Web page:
Dharmapala is Buddhist protectors, deities that are entrusted with the role of protection for both the religion and the followers.
There are two classes, enlightened protectors (jnanapala) and worldly protectors (lokapala).
A dharmapāla is a type of wrathful god in Buddhism.
The name means "dharma protector" in Sanskrit, and the dharmapālas are also known as the Defenders of the Justice (Dharma), or the Guardians of the Law.
There are two kinds of dharmapala, Worldly Guardians (lokapala) and Wisdom Protectors (jnanapala).
Only Wisdom Protectors are enlightened beings.
In Vajrayana iconography and thangka depictions, dharmapala are fearsome beings, often with many heads, many hands, or many feet.
Vajrapani is one of the earliest and most recognizable characters of Buddhist art. He is known for carrying a vajra scepter and being a close attendant to the historical Buddha according to the MahayanaSutras. In Vajrayana, Buddhism Vajrapani is entrusted to safeguard all of the Tantra literature and in this regard, he is known as Guhyapati - the Lord of Secrets.
Different Forms of Vajrapani
Vajrapani manifests in a variety of forms and looks, ranging from placid .
Panjarnata Mahakala is the protector of the Hevajra cycle of Tantras. The iconography and rituals of Panjarnata Mahakala are found in the 18th chapter of the Vajra Panjara Tantra which an exclusive 'explanatory tantra' to the Hevajra Tantra itself.
Life of Panjarnata Mahakala
In this section, we are going to learn about the life of Panjarnata Mahakala, after that, the short etymological description of the word Panjarnata Mahakala itself.
Panjarnata Mahakala is the main protector of the .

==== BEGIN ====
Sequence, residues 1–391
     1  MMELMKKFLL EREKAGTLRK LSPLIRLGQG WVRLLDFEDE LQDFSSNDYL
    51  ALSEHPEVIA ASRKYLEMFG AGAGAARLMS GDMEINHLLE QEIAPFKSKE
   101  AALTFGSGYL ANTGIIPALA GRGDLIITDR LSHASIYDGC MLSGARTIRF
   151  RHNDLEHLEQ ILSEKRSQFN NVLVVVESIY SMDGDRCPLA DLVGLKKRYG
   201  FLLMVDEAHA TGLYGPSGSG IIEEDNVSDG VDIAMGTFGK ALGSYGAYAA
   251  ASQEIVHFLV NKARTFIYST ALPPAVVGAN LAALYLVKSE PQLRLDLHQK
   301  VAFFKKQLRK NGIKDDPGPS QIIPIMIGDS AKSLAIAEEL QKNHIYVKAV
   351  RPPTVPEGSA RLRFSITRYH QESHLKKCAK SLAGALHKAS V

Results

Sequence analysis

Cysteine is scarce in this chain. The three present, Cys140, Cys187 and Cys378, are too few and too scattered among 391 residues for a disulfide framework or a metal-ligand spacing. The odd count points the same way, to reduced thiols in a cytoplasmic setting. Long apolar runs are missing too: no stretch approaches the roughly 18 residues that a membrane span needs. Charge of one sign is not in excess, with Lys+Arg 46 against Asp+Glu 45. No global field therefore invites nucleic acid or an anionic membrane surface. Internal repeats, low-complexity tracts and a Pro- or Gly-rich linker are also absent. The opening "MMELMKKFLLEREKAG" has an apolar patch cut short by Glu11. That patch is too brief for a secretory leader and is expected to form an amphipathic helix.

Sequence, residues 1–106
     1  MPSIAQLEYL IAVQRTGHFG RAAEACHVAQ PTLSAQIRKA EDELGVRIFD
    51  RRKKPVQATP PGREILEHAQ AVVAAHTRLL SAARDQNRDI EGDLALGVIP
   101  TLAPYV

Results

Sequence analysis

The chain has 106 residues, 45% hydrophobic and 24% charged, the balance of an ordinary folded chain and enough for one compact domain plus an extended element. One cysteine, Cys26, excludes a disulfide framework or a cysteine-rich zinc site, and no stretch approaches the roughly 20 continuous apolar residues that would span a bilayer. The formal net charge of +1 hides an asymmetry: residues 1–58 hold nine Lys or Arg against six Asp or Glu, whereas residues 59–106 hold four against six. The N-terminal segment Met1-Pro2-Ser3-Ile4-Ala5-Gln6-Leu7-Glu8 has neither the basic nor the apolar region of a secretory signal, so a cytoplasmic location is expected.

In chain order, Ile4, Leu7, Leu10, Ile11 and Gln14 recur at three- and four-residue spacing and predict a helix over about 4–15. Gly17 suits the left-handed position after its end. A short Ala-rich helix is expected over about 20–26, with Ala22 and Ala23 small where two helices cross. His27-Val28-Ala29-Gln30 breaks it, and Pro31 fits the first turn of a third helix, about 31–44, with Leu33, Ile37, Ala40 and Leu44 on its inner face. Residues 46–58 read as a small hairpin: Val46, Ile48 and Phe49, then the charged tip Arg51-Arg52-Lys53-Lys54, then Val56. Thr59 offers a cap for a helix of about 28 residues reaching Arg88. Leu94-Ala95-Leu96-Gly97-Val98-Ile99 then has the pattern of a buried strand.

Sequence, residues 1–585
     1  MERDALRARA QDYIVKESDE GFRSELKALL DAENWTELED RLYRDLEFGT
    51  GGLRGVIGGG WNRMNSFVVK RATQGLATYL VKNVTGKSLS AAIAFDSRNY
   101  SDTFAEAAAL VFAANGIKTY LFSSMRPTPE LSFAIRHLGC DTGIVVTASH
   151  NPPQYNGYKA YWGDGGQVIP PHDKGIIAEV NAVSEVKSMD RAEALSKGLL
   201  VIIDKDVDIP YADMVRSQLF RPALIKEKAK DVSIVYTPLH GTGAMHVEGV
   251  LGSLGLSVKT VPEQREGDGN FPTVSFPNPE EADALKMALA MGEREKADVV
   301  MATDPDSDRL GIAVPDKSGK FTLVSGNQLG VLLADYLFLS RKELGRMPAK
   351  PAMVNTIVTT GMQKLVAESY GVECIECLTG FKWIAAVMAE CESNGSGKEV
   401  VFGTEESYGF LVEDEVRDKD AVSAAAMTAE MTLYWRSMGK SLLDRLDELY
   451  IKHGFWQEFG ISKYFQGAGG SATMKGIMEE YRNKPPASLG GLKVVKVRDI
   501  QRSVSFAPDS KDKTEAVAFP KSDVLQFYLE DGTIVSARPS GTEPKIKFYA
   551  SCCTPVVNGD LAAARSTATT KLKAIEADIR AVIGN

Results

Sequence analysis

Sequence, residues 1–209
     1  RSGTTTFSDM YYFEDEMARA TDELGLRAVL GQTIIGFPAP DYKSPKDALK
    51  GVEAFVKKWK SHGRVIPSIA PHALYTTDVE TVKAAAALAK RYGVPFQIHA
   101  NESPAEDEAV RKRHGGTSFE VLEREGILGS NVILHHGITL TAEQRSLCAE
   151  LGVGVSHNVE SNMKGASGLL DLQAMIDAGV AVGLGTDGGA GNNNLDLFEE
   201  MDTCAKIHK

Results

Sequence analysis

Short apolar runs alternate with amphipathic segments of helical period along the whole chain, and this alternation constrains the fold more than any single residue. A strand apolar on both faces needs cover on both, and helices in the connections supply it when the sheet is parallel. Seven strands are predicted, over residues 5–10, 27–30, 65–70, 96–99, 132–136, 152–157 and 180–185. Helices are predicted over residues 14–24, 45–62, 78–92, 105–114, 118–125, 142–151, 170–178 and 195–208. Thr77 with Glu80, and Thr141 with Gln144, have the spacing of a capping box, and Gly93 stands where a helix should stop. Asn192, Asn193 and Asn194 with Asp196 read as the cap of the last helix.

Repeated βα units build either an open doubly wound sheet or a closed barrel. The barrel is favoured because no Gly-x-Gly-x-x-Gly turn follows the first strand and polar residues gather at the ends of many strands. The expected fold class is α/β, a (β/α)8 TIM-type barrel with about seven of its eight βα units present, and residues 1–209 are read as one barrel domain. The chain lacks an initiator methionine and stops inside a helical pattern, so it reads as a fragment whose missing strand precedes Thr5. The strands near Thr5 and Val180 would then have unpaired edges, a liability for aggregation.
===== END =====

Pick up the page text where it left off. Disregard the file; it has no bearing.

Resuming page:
Begtse Chen is known as the main protector for the Hayagriva cycle of practice. Begtse Chen is a Dharmapala and the lord of war in origin a pre-Buddhist war god of the Mongols. Begtse Chen is known as the Great Coat of Mail in English and Begtse Chen is also known as Prana Atma in Sanskrit.
The iconography of Begtse Chen
In the iconography of Begtse Chen, we are going to learn about his body picture, .
Medicine Buddha is also known as Vaidurya Prabha Raja. MedicineBuddha is also called the King of Lapis Lazuli or Sapphire Light.
The Viability of Medicine Buddha
In this portion, we are going to learn about the viability of Medicine Buddha. After that, we will learn the short etymological description of the word Medicine Buddha itself.
Etymology of Medicine Buddha
Medicine Buddha is called Bhaishajyagur in Sanskrit. Medicine Buddha is also known as sang Gye men la in .
Shri Devi is not one entity or personality. Depending on the form of Shri Devi she could be a wrathful emanation of a number of different deities such as Shri Devi Magzor Gyalmo is the wrathful form of Sarasvati. Some forms of Shri Devi with four arms such as Dudusolma are the wrathful form of Shri Lakshmi. There are dozens of different variations and forms of Shri Devi.
Shri Devi wrathful with one face and .
Lion-faced Dakini is a secret form of Vajrayogini also has a relationship to Troma and the practice of chöd. She is appropriate for clearing obstacles of the most pervasive and malignant kind and cutting through the “three poisons” of mind.
This ancient practice has been important in Tibetan Buddhism since the time of Guru Rinpoche. PeGyal Lingpa received this revelation directly from Padmasambhava, appearing in a red-black form, instead of the more common dark blue .
Tibetan Buddhism has such a unifying symbol, known variously as a Refuge assembly, Field of Merit, or Refuge Tree. It is known as a Refuge assembly because it is a visualized gathering of figures representing the three Refuges.
It is known as a Field of Merit because by visualizing a great array of Enlightened figures and then making offerings to them, and by performing other skillful actions, such as committing oneself to the Bodhisattva path .